Oh UBC McDonalds .. you fail ...

All in all, I kind of predicted that UBC McDonalds would not participate in this promotion, much like most of the franchises on campus (Starbucks, A&W, Subway), which I do not agree with … but that will be another post coming .

February 16, 2011

Part 1 of 2: A blog rating another blog

One of my favorite foodie blogs are shermansfoodadventures.com & followmefoodie.com.

I’ve been hooked on reading shermansfoodadventures.com for about over a year now, and I think I’ll explain how shermansfoodadventures.com communicates so much value (markets) its blog to a reader like me.

Sherman’s blog is number 1 on Urbanspoon’s Vancouver blog leader board, and I think the reason for this is how he markets his posts and positions his blog as a place to find reliable restaurant reviews.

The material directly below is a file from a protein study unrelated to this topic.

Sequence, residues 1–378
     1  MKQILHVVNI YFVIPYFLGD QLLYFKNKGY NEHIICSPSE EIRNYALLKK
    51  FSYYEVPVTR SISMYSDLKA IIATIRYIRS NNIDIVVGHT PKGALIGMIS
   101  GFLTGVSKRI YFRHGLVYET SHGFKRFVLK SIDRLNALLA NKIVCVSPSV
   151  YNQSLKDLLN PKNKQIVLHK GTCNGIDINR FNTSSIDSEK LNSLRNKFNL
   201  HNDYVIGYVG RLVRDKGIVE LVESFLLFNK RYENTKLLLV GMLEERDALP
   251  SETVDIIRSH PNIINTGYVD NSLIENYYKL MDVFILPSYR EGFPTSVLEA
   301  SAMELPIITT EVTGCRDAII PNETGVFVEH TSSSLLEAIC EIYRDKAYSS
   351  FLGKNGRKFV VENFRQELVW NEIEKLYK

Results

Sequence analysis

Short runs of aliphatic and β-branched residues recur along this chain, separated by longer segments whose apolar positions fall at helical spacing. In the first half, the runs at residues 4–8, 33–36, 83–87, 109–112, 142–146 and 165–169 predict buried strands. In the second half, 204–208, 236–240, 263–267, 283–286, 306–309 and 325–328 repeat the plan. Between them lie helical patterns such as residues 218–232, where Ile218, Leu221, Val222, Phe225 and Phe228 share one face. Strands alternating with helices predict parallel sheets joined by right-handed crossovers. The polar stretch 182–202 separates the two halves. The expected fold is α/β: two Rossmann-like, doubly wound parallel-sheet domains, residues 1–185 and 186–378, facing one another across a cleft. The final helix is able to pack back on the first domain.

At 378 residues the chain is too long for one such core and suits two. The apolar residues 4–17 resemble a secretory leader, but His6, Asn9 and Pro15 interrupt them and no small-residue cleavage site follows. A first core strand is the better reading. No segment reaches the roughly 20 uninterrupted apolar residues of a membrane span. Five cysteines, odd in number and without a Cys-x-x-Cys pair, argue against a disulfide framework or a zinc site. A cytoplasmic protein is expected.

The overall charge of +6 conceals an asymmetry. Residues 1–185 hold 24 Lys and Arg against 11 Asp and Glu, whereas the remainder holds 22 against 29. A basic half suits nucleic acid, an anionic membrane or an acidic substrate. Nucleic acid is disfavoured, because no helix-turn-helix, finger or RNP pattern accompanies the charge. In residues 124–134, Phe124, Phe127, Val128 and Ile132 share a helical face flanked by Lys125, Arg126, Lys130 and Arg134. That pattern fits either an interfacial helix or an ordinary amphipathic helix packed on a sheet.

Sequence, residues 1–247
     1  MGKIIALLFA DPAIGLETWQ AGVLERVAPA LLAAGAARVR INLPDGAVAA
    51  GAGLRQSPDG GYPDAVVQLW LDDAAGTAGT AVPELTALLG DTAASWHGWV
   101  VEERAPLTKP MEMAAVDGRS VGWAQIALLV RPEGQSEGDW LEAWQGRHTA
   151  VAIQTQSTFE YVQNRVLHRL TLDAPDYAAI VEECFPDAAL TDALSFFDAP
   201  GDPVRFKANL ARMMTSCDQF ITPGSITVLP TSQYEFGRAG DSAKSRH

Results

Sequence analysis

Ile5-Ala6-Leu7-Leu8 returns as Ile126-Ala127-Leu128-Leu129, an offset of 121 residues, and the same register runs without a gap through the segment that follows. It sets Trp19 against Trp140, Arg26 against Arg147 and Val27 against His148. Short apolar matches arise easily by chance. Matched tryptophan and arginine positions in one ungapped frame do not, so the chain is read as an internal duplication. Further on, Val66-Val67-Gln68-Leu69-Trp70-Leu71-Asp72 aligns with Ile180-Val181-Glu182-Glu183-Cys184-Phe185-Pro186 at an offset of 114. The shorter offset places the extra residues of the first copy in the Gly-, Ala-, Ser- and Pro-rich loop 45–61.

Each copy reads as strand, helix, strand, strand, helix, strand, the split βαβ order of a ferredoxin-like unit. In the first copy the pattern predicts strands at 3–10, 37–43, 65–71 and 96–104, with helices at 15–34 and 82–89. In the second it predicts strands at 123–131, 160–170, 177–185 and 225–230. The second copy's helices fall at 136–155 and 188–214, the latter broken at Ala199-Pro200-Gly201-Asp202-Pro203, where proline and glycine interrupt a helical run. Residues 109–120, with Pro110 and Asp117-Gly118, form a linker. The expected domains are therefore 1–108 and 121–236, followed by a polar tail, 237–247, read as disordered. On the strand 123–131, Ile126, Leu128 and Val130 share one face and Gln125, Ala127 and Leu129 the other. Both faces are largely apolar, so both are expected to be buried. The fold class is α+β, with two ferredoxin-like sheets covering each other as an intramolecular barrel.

Sherman updates his blog consistently often. Unlike some local blogs that post every couple of days, Sherman never disappoints his readers by ensuring that there is a brand new post everyday.

Sherman has a personal touch. I notice that every post he starts with he reveals a little bit about his daily life and doesn’t dive straight into rating food. His personal connection to the world attracts loyal readers (such as myself!)

Sherman’s actual content is reliable trustworthy. I don’t know about you, but I hate it when people post comments about an experience they had at a restaurant, but I know for a fact, that they restaurant is completely different. I’ve tried a number of restaurants that Sherman has blogged about, and each of my experience has been consistent with Sherman’s even down to the specific dishes of the restaurant.